This BBC documentary hosted by Alistair Cooke, which aired in 1972, is well worth watching if you have the time. The content of the documentary reflects some of the new scholarship on slavery but overall the script is marred by the Lost Cause narrative and a problematic view of Lincoln and, especially, Reconstruction. Some of the places visited by Cooke include the Custis-Lee Mansion, Shiloh National Military Park, Boone Hall Plantation, South Carolina, and Natchez, Mississippi. Enjoy.
[Uploaded to YouTube on October 14, 2014]
Update 2: Guilty as charged. It turns out that I “completely agreed” with a comment that included the word ‘manure’. I was responding to the reference to Baptist. Williams really needs to get a life. Although there is a Part 2 scheduled from Williams, I will do you all a favor and move on.
Update: Hypocrisy lives in Old Virginia. Apparently, Richard Williams disapproves of my reference to him as “insecure” but he has no problem describing me as a “Northern elitist” and “envious.” And how does linking to a story implicate me with every word choice? I simply linked to the story. Unfortunately, this is business as usual for Williams. He should look more closely at the kinds of websites he links to as well as his own track record of generalizing and insulting people that he knows nothing about before he goes after others. [click to continue…]
Update: Check out Joshua Rothman’s take on this story.
What better way to celebrate the 75th anniversary of the release of the movie, “Gone With the Wind” than with a Fall fashion spread inspired by life on an antebellum plantation. That’s exactly what some actress by the name of Blake Lively is doing. I guess this is how one gets old because before today I never heard of this person. Having just finished Baptist’s new book, I have very little patience for such nonsense.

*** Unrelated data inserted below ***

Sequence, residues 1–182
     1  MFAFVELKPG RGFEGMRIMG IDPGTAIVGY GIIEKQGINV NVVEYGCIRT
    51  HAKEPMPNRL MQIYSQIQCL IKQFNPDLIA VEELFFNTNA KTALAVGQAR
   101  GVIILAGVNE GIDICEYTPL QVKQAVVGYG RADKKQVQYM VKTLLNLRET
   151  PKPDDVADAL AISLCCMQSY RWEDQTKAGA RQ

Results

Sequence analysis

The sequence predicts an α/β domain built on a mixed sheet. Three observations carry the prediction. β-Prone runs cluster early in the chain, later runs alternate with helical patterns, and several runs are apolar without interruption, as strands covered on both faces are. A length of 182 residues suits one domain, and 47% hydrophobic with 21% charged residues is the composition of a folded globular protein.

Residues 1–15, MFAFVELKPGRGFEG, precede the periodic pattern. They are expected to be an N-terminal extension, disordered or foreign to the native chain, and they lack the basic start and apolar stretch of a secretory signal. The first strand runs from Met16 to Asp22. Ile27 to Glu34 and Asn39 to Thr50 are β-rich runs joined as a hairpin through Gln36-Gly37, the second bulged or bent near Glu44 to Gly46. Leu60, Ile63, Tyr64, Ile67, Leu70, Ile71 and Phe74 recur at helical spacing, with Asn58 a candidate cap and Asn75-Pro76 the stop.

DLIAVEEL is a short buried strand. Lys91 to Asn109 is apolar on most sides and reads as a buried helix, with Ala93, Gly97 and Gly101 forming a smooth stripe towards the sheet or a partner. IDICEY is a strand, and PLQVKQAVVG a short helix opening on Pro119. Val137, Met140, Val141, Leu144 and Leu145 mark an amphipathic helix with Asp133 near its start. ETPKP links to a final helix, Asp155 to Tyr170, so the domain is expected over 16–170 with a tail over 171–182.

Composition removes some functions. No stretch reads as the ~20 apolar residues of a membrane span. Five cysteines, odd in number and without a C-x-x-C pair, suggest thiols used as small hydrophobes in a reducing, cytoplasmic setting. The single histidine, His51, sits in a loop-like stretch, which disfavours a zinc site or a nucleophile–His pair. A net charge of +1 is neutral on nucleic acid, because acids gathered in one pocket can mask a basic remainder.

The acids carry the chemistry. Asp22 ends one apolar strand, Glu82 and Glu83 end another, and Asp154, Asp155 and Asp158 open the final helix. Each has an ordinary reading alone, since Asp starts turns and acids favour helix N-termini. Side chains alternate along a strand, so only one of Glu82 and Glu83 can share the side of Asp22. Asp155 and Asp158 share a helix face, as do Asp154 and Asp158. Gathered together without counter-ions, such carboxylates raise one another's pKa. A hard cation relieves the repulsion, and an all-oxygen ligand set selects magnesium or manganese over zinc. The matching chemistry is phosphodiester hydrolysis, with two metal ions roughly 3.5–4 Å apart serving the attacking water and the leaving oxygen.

Georgia peaches, sweet tea, and the enticement of a smooth twang…we all love a bit of southern charm. These regional mainstays, along with an innate sense of social poise, evoke an unparalleled warmth and authenticity in style and tradition.
The term “Southern Belle” came to fruition during the Antebellum period (prior to the Civil War), acknowledging women with an inherent social distinction who set the standards for style and appearance. These women epitomized Southern hospitality with a cultivation of beauty and grace, but even more with a captivating and magnetic sensibility. While at times depicted as coy, these belles of the ball, in actuality could command attention with the ease of a hummingbird relishing a pastoral bloom.
Like the debutantes of yesteryear, the authenticity and allure still ring true today. Hoop skirts are replaced by flared and pleated A-lines; oversized straw toppers are transformed into wide-brimmed floppy hats and wool fedoras.
The prowess of artful layering -the southern way- lies in inadvertent combinations. From menswear-inspired overcoats to the fluidity of soft flowing separates, wrap yourself up in tactile layers that elicit a true sense of seasonal lure.
Embrace the season and the magic below the Mason-Dixon with styles as theatric as a Dixie drawl.
Just don’t ask where their allowance for clothing came from or the raw material itself.
The question of how sources ought to be cited in a work of non-fiction history came up again this past week with the release of Karen Abbott’s new book, Liar, Temptress, Soldier, Spy: Four Women Undercover in the Civil War. The book tells the story of four women, who engaged in various acts of espionage during the Civil War. From all the reviews I’ve read this looks like a highly entertaining read, which should come as no surprise given the author’s success with previous books. [click to continue…]
Today I took advantage of a day off from work and beautiful weather to drive down the coast to the Hingham Cemetery to visit the final resting place of Governor John A. Andrew. The headstone is very simple, but a few years after his death a group of admirers commissioned a beautiful statue sculpted in Cararra marble in Florence, Italy. I am still very much in the early stages of my Andrew project. I made it through the first volume of Henry G. Pearson’s 1904 biography along with a number of other secondary sources. With three days off next week I hope to finally sink my teeth into the Andrew Papers at the Massachusetts Historical Society.
Any biography project is an enormous undertaking, but one of the things that helps to make it more manageable is the fact that Andrew died relatively early in 1867. The timing helps to frame this as a Civil War biography. No reason to wade into the complexity of Gilded Age America and no worrying about how the politics of the period might have shaped Andrew’s views on emancipation and black civil rights, which defined his time on Beacon Hill. [click to continue…]